How to Make Rose Water

While most of the U.S. is digging out from excessive snowfall, South Florida lawns are green, flowers are blooming, and we’re walking around in shorts. This is why our region is so popular this time of year. Come on down, y’all!

Florida gardeners are encouraged to start planting rose bushes early in February. Planting in full sun and fertilizing later in the month or in early March will yield a burst of growth in the spring.

My neighbor’s roses seem to bloom year-round, and they’re absolutely lovely. While admiring the blossoms, I think about rose-related recipes.

One important point you must know: When using fresh rose petals in a recipe, NEVER use those which have been sprayed with pesticide. My neighbor sprays her shrubs, otherwise, I would beg her for a bunch of petals.

With rose recipes still on my mind, I bought a bag of dried rose buds (that’s all they had) from the Middle Eastern store with the intention of making soup and rose water. I haven’t found a rose petal soup recipe I like yet, but I do have a recipe for making rose water.

Whether you use fresh (organic) or dried rose petals, here is a recipe to keep on hand.

Homemade Rose Water

A delicious homemade rose water recipe using either fresh (organic) or dried rose petals.
Prep Time 1 d
Cook Time 15 mins
Course Drinks

Ingredients
  

  • 1 bag fresh rose petals (pesticide free) or dried rose buds
  • water (enough to cover the petals or buds)

Instructions
 

  • Place clean, pesticide-free, fresh rose petals (or dried petals) in a pot.
  • Pour enough boiling water to cover the petals. Cover pot with a lid. Remove from heat and allow to cool to room temperature.
  • Place the cooled mixture in a bowl with a tight-fitting lid; refrigerate overnight to allow the flavor to develop.
  • Next day, strain and discard petals.
  • To store, pour rosewater into a jar with a lid; refrigerate. Leftover rosewater can be poured into ice cube trays and frozen. Once frozen, transfer cubes into a plastic bag.
  • When rose water is required for a recipe, simply defrost as many cubes as you’ll need.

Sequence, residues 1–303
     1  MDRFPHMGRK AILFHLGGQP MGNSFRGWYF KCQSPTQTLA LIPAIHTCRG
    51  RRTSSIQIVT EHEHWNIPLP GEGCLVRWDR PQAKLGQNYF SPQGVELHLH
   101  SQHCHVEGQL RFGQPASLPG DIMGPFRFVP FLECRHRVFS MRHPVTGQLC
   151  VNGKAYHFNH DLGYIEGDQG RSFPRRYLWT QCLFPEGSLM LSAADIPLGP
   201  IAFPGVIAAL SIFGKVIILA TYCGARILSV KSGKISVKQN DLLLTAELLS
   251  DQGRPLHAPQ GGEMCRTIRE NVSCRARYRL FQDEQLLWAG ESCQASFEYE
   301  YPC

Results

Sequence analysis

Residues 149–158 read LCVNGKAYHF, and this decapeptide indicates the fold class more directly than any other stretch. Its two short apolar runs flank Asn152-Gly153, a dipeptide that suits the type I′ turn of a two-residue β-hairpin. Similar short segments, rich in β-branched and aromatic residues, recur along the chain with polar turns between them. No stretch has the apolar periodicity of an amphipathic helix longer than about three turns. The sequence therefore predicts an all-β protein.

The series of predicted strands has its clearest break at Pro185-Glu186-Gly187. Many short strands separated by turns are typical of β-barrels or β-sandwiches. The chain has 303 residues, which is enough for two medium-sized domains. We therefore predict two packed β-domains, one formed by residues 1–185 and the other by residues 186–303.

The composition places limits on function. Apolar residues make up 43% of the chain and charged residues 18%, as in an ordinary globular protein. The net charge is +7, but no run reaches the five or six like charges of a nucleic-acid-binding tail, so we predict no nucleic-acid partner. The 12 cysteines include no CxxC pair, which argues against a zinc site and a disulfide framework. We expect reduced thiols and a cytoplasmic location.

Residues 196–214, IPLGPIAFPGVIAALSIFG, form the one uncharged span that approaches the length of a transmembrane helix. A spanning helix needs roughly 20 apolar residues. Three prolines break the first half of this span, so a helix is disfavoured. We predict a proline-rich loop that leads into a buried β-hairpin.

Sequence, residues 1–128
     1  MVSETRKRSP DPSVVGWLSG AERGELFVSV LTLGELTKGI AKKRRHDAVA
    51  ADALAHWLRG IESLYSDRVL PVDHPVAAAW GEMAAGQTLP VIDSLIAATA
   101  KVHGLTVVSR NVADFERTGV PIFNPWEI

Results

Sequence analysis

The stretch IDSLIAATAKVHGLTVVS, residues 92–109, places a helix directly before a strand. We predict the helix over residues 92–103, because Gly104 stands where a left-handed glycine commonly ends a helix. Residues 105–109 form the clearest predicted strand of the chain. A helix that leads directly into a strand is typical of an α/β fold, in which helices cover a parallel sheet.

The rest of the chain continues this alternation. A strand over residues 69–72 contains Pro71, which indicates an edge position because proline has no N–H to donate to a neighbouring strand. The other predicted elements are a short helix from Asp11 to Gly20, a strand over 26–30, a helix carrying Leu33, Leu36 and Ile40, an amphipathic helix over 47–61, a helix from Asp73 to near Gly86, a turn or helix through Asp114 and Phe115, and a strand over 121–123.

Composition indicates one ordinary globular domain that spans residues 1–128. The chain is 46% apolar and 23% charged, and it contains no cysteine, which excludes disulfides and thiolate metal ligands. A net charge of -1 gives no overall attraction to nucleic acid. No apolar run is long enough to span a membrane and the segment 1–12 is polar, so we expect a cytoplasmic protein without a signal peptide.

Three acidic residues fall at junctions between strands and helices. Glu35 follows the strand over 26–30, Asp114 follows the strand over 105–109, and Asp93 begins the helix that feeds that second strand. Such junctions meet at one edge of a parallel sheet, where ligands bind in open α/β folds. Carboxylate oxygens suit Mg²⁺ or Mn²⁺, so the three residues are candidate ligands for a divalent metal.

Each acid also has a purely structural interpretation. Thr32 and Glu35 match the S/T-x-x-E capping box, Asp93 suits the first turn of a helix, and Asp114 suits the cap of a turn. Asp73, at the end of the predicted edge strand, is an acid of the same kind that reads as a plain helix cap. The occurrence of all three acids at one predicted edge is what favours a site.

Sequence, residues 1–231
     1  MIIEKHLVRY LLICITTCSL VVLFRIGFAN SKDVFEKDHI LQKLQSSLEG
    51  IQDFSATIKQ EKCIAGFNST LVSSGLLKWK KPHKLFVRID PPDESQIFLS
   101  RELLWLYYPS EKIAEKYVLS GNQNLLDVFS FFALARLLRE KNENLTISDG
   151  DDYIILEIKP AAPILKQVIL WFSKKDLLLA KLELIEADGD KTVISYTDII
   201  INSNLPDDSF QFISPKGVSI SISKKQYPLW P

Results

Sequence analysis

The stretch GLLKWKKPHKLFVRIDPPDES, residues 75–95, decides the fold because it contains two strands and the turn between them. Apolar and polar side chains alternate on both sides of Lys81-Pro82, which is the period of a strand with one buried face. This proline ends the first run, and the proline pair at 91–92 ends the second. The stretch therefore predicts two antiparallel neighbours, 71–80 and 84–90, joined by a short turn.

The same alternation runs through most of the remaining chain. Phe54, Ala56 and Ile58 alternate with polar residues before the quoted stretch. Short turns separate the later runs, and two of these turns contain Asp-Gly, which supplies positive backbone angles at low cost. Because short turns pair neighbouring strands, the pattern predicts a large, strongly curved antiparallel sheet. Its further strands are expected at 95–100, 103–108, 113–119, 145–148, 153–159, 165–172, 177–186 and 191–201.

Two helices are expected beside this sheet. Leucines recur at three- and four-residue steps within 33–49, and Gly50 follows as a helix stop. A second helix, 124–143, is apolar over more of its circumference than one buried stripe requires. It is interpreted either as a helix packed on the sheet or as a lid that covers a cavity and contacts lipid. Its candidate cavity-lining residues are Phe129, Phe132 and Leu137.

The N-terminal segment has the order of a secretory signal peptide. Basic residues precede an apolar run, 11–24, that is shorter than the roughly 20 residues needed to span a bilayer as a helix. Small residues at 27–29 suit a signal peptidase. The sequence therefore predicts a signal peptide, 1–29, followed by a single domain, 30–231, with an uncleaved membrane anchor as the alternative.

Notes

Don’t know what to do with Rose Water
Here are some ideas:
Add to: beverages, yogurt, pudding, cake batter, French toast batter
Make: locum, jelly, preserves
Tried this recipe?Let us know how it was!
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12 Comments

  1. Marash Girl February 23, 2011 at 12:52 pm

    Can you apply the same method to orange blossom water? I used to make a recipe with orange blossom water that was out of this world (white raisins and pignolia nuts in orange blossom water). Can't find the recipe any more. Do you know it? And a big thank you for your post.

    Reply
  2. Robyn February 23, 2011 at 5:25 pm

    A similar method is used for orange blossom water. First, slightly crush the washed blossoms to release some of the oils.Then put the blossoms in a jar, pour water over them. Cover the jar and set it in full sun for several weeks, or until the flavor has developed. It's then stored in the refrigerator.
    As for your recipe, I don't know it but it sounds interesting. Can you supply more details? Perhaps I can conduct a search with a bit more info.

    Reply
  3. Anonymous July 26, 2011 at 5:26 am

    Does it matter what type of Rose you use? Do you know if a particular type yields a better result?
    Thank You

    Reply
  4. Anonymous April 27, 2012 at 6:43 pm

    I recently tried to make rosewater but rather than creating a fragrant water, it smelled like cooked artichokes. Were my petals perhaps not fresh enough?

    Reply
    1. Robyn April 27, 2012 at 7:23 pm

      That's an interesting description! Did the roses you used have a heavy perfume to begin with? Also, how long after you plucked the petals, did you use them?
      To avoid hit-or-miss results, I only make rose water with dried rose buds, and it comes out great every time.

      Reply
  5. lindsapotamus February 25, 2013 at 8:27 pm

    I would describe this recipe as rose tea. It wasn't very similar at all to the rose water you can buy at the store, which I imagine is distilled with science magic. I was disappointed.

    Reply
  6. Unknown June 18, 2015 at 2:42 am

    In your listing it mentioned using rosebuds, however, your recipes dont. Do u use the same eay, or ?

    Reply
    1. Unknown June 18, 2015 at 2:42 am

      eay – way

      Reply
    2. Robyn June 18, 2015 at 2:48 am

      Good point! I used the dried rose buds.

      Reply
  7. Anonymous September 7, 2020 at 4:13 pm

    My grandma's specialty was rose petal preserves. She would layer a bushel basket worth of very fragrant rose petals with sugar, allow it to sit for several days (covered), then simmer the entire batch (no water, as I recall) until the consistency of a soft jam, and then place it into bottles. This was heavenly, with white Armenian cheese that she also made and lavash.

    Reply
    1. Robyn Kalajian September 9, 2020 at 6:07 pm

      What a delicious memory! I hope your grandmother's recipes are preserved for future generations; it sounds as though she was an amazing cook.

      Reply

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